(This hits my funny bone being that at one time I did think I would be able to "resist the princesses". But alas I am too weak in the face of my daughter's devotion. I have been able to keep the flood at bay by keeping her room decor princess-free, but the damage has already been done I'm sure. har har.)
From the Los Angeles Times
Resist the princesses
Watch that little darling -- corporate Fantasyland has matricide in mind.
March 27, 2008
Mothers of America, Disney wants to destroy you.
You hoped your little girl's Disney princess obsession was harmless, didn't
you? You chuckled over the picture of Sleeping Beauty on your toddler's
pull-ups, and you told yourself it was "just a phase" when your 5-year-old
insisted that she needed at least 63 Disney princess dress-up costumes.
But don't be fooled by the sparkly magic wands, the pint-sized tiaras and
those cute little "animal friends." The Disney princesses aren't sweet and
innocent. They're a gang of vicious hoodlums, and they're plotting against
Start with some light feminist analysis. It will not have escaped you,
Mothers of America, that Disney princesses -- Snow White, Cinderella,
Sleeping Beauty and the rest -- rarely slay dragons, play sports, pilot jets
or do open-heart surgery. Instead, they fiddle with their coiffures, linger
over invitations to the ball, flee ineffectually from evil crones and swoon.
You don't have to be Gloria Steinem to realize that these are not, for the
most part, useful professional skills in today's world. So I was not
thrilled when my 3-year-old informed me, over lunch, that she wants to be "a
pwincess" when she grows up, and I was unhappier still when her 6-year-old
sister expressed a similar ambition.
"Girls," I said, "you can do anything when you grow up! You can be
scientists or ski instructors or hedge fund managers -- I beg you, be hedge
fund managers. Why would you want to be passive, anorexic princesses?"
They looked at me as if I had gone mad. "Because princesses wear pretty
dresses, Mama," they explained.
I tried another tack. "Not all princesses prance around in ball gowns," I
remarked, and showed them some educational photos of Britain's 57-year-old
Princess Anne, clad in hideously sensible tweeds. The girls denied that Anne
was a "real" princess.
I tried again. "Girls," I said gently, "I don't want to shock you, but
historically, princesses have not always been popular. Consider the Russian
Revolution. Or the French. Does the word 'guillotine' ring a bell?"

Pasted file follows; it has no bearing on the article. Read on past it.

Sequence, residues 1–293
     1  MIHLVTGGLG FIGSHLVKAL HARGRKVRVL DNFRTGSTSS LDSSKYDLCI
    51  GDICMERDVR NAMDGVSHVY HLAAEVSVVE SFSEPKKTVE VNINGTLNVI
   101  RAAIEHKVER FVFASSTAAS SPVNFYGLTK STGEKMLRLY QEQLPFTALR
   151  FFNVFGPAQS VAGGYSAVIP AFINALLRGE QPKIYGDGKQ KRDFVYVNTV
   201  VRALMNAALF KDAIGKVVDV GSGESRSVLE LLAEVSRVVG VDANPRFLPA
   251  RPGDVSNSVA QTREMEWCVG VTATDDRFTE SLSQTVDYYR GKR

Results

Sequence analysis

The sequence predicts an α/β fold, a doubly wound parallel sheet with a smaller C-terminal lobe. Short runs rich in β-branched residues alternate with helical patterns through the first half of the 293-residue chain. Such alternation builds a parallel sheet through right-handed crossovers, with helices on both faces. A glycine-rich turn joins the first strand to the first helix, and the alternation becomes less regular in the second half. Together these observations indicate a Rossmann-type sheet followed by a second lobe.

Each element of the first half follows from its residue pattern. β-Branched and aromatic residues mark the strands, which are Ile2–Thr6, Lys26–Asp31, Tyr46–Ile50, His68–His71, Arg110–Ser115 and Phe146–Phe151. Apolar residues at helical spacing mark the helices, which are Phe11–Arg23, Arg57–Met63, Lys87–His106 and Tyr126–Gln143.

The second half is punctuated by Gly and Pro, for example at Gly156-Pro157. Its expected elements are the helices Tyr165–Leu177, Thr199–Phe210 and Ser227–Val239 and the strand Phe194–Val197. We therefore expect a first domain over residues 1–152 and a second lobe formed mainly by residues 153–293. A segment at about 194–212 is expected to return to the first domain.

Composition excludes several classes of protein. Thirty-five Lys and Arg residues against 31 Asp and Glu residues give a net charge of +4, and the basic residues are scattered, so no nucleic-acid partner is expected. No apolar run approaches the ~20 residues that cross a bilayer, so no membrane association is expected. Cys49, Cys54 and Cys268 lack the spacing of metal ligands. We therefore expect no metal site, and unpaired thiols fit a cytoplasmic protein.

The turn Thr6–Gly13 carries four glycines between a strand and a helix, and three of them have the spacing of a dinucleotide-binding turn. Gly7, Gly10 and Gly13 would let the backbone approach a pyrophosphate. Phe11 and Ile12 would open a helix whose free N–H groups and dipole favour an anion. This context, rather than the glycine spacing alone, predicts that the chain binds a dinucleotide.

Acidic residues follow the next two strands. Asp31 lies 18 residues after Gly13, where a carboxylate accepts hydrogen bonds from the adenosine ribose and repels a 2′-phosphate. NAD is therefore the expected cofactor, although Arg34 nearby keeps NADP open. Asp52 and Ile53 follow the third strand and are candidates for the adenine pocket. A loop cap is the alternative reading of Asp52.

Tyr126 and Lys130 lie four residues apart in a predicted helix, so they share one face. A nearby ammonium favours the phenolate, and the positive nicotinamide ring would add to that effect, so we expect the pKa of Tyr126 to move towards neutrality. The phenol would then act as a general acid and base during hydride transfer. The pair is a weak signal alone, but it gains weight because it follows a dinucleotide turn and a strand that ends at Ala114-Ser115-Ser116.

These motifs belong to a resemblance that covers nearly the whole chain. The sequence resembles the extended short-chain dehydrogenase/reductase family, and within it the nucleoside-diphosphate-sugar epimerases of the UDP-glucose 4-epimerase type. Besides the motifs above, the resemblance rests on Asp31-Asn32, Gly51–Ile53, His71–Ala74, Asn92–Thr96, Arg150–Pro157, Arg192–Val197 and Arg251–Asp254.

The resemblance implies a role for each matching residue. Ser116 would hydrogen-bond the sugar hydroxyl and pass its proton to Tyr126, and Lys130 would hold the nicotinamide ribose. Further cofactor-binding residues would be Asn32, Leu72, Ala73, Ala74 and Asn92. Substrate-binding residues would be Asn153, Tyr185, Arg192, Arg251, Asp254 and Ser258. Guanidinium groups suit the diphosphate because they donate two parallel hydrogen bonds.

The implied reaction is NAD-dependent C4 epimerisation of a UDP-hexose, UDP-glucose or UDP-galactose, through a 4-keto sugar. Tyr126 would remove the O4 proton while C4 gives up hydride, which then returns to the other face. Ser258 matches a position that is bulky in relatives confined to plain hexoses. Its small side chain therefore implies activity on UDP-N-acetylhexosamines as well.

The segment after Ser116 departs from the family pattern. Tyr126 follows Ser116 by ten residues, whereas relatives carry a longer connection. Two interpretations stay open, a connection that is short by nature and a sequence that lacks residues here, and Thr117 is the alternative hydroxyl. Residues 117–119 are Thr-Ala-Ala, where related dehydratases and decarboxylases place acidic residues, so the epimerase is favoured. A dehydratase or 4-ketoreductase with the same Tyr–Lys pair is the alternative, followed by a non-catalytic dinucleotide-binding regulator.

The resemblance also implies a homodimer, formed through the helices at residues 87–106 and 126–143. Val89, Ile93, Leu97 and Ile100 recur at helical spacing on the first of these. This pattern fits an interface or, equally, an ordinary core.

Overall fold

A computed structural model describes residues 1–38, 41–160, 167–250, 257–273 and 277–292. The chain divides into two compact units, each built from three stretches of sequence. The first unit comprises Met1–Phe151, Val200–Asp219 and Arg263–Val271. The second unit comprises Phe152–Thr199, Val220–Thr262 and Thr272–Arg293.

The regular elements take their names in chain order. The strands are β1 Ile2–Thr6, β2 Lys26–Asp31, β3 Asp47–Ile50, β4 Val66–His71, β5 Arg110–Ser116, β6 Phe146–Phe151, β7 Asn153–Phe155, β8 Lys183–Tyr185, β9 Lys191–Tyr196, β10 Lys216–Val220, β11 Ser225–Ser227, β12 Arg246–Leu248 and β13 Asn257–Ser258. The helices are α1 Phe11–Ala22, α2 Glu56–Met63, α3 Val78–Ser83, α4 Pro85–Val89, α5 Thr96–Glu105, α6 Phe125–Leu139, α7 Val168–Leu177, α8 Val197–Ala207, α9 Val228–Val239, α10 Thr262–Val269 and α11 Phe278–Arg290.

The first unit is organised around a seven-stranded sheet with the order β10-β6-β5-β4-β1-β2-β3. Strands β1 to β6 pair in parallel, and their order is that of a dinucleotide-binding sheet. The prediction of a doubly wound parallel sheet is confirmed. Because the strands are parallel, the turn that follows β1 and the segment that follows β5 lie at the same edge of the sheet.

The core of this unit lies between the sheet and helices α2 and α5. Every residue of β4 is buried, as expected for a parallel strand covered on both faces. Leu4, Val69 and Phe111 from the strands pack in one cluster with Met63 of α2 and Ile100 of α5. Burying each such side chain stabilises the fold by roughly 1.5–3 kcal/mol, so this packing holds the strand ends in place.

"You are a commoner!" my 3-year-old shrieked, and adjusting their glittering
tiaras, the little darlings ran off to watch "Disney Princess Enchanted
Tales" for the 10-billionth time while I glumly cleaned the kitchen.
It was not always thus.
Sure, fairy tales have been around for centuries, little girls have always
liked pretty dresses, and even most of the Disney princesses should, if
there were justice in the world, be using Botox by now. (Disney's Snow White
was a teen in the 1937 film, which would put her well into her 80s). But
once upon a time, the Disney princesses lived their separate lives, waiting
innocuously for their princes to come. You could buy a "Cinderella" book or
a "Little Mermaid" doll, but, when you did so, you were establishing an
allegiance to a particular character's story, not to an abstract "Princess
concept." The princesses lived separately and were marketed separately.
As Peggy Orenstein documented in a 2006 New York Times Magazine article,
that changed in 2000, when Disney decided that, henceforth, the princesses
would collude. They went from princesses to "Princess" -- as Disney execs
call the fast-growing product line marketed collectively under just that
logo. Merged into a sort of uber-princess, Ariel, Belle, Jasmine and the
older members of the gang formed a vast global conspiracy to turn a bunch of
aging animated films into cold, hard cash -- faster than Cinderella's fairy
godmother could turn a pumpkin into a coach.
Like an Al Qaeda sleeper cell, the princesses were activated -- and once
activated, they would quickly dominate the world. In 2001, sales at Disney
consumer products were a lethargic $300 million. By 2007, Disney's
"Princess" franchise was raking in $4 billion. And who could stand in its
way? With the "Princess" brand on baby bottles, sneakers, pencils, candy,
T-shirts, everything, you and your little darlings don't stand a chance,
Mothers of America. Your little girls will be brainwashed -- and you -- you
Ah, yes. What happens to you?
You didn't think Disney was going to stand idly by while you engaged in
those little feminist critiques, did you now? Pause for a moment to consider
the fate of the princesses' mommies in those Disney movies. "Cinderella" and
"Snow White"? Mothers killed off by mysterious illnesses. "Beauty and the
Beast," "The Little Mermaid" and "Aladdin"? Mothers all missing; presumed
Disney really has it in for mommies: Even when you leave princess-land, it's
the same pattern. Bambi's mom? Shot dead by a hunter. Nemo's mom? Eaten by a
barracuda. Of all the major princesses, only Sleeping Beauty (a.k.a. Aurora;
like all criminals, she often goes by an alias) has a nuclear family, not
that it does her any good. But given Disney's track record, I wouldn't want
to underwrite her mother's life insurance policy.
And hey, ever notice how, in group photos, the Disney princesses never, ever
meet each other's eyes? Why won't they look at each other? Why do they still
pretend they don't know each other? Is something troubling their
Mothers of America, watch your backs.